“It’s not that they kill them, but they kill their jobs,” he explains, and those who lose the old jobs may not be equipped to take on any of the new ones. “We are going to have to accept an important role — society as a whole — in making sure that the transition period from the pre-robotic technology to the post-robotic technology is as painless as possible. We have to make sure that people aren’t treated as though they’re used up dishrags, that they have to be allowed to live and retain their self-respect.” Today, the technology of the moment is artificial intelligence, which the news media haven’t hesitated to pay near-obsessive attention to. (I’m traveling in Japan at the moment, and saw just such a broadcast on my hotel TV this morning.) Would that they still had an Asimov to discuss it with a level-headed, far-sighted perspective….
(13) THERE’S A LEGO SALE, STEP ON IT! “A rare LEGO piece found at PA Goodwill set to sell for over $18K” reports Yahoo!
Bidding on a rare 14-karat gold LEGO piece has come to a close and the item sold for much more than expected.
The piece called the Bionicle Golden Kanohi Hau Mask, which sold for $18,101, was found by workers at a warehouse in DuBois, Pennsylvania, and is believed to be only one of 30 that exist. In 2001, some were gifted to LEGO employees, while the rest were awarded through a contest.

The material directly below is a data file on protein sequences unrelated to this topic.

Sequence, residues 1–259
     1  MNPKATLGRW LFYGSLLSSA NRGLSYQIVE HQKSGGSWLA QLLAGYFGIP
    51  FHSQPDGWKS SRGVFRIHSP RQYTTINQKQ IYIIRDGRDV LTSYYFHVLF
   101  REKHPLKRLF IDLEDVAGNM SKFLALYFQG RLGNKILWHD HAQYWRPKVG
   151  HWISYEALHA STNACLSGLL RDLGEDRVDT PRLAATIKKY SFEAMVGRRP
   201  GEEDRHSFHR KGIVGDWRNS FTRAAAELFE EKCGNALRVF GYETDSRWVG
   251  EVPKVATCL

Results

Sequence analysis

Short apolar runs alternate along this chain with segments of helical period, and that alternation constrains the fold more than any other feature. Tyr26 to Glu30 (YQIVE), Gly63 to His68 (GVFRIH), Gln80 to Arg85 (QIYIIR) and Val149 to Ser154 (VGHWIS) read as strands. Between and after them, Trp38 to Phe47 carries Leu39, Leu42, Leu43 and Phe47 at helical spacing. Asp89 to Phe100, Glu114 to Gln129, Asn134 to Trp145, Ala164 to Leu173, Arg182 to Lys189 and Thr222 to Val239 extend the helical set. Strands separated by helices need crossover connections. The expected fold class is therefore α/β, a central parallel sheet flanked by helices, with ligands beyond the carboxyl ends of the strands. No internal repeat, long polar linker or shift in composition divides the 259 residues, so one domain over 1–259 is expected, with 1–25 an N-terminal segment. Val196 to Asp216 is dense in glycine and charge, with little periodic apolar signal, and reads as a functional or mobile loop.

When the rare LEGO was found no one really knew what it was, the item was posted on shopgoodwill.com for just $14.95. Little did they know what someone would pay for it.
“The final bid was $18,101. The second-highest bid was $18,100,” said Chad Smith, Vice President of E-commerce and Technology for Goodwill Industries of North Central PA….
(14) VIDEO OF THE DAY. “’Borderlands’ Trailer Sees Cate Blanchett Hunt For Treasure On Scorned Planet”. Deadline sets the frame:
…[The] Borderlands movie follows Lilith (Blanchett), an infamous outlaw with a mysterious past, who reluctantly returns to her home planet of Pandora to find the missing daughter of the universe’s most powerful S.O.B., Atlas (Edgar Ramirez).
Lilith forms an alliance with an unexpected team – Roland (Kevin Hart), a former elite mercenary, now desperate for redemption; Tiny Tina (Ariana Greenblatt), a feral pre-teen demolitionist; Tina’s musclebound, rhetorically challenged protector, Krieg; Tannis (Jamie Lee Curtis), the scientist with a tenuous grip on sanity; and Claptrap (Jack Black), a persistently wiseass robot. These unlikely heroes must then battle alien monsters and dangerous bandits to find and protect the missing girl, who may hold the key to unimaginable power….
[Thanks to SF Concatenation’s Jonathan Cowie, Steven French, Mike Kennedy, Andrew Porter, John King Tarpinian, Chris Barkley, and Cat Eldridge for some of these stories. Title credit belongs to File 770 contributing editor of the day Lis Carey.]